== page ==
SAN FRANCISCO -- The Pittsburgh Steelers use three tight ends with one running back more frequently than any NFL team.
That might not excite you, but it has caught the attention of the San Francisco 49ers' defensive coordinator. Vic Fangio pointed to that personnel grouping during his weekly media session as evidence of the Steelers' versatility on offense.
One consideration for San Francisco: The 49ers' base defense would likely remain on the field against three tight ends, meaning the team's leader in sacks, Aldon Smith, would not be on the field. This would not matter much if the Steelers chose to run the ball from these personnel groupings. They have thrown about one-third of the time from this personnel, however, and with quarterback Ben Roethlisberger playing through an ankle injury, this grouping could provide flexibility in protection.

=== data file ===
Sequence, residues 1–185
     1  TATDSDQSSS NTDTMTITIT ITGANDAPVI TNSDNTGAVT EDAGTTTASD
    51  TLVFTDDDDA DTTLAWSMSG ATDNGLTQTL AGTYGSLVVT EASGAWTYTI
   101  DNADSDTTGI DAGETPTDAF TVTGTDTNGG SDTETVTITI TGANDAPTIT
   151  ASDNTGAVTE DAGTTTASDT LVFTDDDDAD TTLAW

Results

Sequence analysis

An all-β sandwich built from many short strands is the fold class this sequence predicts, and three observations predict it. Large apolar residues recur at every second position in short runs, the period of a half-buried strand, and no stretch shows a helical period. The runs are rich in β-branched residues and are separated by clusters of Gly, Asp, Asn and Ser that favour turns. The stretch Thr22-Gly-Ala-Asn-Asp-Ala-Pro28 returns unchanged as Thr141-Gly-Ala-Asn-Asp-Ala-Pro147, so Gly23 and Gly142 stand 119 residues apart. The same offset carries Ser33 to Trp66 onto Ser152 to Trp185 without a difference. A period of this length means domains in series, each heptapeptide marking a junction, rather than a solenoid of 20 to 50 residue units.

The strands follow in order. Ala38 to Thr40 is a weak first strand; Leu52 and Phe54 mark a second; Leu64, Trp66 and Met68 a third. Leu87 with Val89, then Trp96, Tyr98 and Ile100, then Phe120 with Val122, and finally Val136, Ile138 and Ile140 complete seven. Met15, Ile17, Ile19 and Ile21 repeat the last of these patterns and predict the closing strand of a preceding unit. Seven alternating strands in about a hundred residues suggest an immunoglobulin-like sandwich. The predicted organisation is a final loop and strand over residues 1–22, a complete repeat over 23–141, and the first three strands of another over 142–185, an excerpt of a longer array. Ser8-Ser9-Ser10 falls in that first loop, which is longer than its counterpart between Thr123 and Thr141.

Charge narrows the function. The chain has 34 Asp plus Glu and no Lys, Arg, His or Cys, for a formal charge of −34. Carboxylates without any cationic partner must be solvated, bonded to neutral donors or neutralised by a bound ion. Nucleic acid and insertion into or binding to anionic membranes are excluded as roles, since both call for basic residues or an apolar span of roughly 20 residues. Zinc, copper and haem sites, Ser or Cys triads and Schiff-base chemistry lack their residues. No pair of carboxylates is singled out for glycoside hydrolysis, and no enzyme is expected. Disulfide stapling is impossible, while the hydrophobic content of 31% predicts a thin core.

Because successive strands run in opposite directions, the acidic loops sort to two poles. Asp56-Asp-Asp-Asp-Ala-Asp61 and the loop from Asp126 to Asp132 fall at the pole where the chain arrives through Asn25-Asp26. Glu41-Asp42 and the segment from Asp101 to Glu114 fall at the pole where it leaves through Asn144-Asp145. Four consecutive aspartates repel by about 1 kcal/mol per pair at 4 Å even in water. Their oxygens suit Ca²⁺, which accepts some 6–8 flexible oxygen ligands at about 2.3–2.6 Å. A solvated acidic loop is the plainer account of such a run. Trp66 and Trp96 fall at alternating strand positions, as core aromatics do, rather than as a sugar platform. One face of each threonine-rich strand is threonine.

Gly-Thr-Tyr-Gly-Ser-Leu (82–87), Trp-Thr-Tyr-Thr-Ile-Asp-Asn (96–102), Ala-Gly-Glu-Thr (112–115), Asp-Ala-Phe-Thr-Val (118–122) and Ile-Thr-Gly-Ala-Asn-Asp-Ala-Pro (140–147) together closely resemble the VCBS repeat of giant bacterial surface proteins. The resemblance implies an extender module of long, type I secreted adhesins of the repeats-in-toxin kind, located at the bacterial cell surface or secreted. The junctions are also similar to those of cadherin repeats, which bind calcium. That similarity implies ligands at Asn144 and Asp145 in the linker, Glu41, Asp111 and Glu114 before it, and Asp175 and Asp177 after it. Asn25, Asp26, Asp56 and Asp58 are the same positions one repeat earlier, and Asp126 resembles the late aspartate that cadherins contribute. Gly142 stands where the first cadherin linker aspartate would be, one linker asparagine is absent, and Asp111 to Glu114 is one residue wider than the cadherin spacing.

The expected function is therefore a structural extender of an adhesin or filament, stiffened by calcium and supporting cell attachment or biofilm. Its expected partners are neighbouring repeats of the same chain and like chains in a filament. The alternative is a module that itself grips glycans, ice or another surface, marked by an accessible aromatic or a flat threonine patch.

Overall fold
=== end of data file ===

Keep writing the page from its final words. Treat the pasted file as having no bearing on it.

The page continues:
It is one thing to watch for beyond the five we discussed a bit earlier.
"They do like to play a lot of three-wide receiver sets on the early downs," Fangio told reporters. "They’ll also sprinkle in some four-wide receiver sets and even occasionally there'll be five wide receivers out there. So, they will dictate what type of game it is, but they’ll also, even while they’re doing that, play their two tight ends. They even have a personnel group that they play about 20 percent of the time, three tight ends with one back and one receiver. ... They've probably got the best group of blocking tight ends in the league."
The Steelers had run a league-high 20 plays using five wide receivers entering Week 15, according to ESPN Stats & Information. That was four times as many as any team in the NFL. They ranked among the top five in snaps with four wideouts. Throw in those "13" personnel groupings with one back and three tight ends, and Fangio was right about the Steelers forcing defenses to account for multiple looks.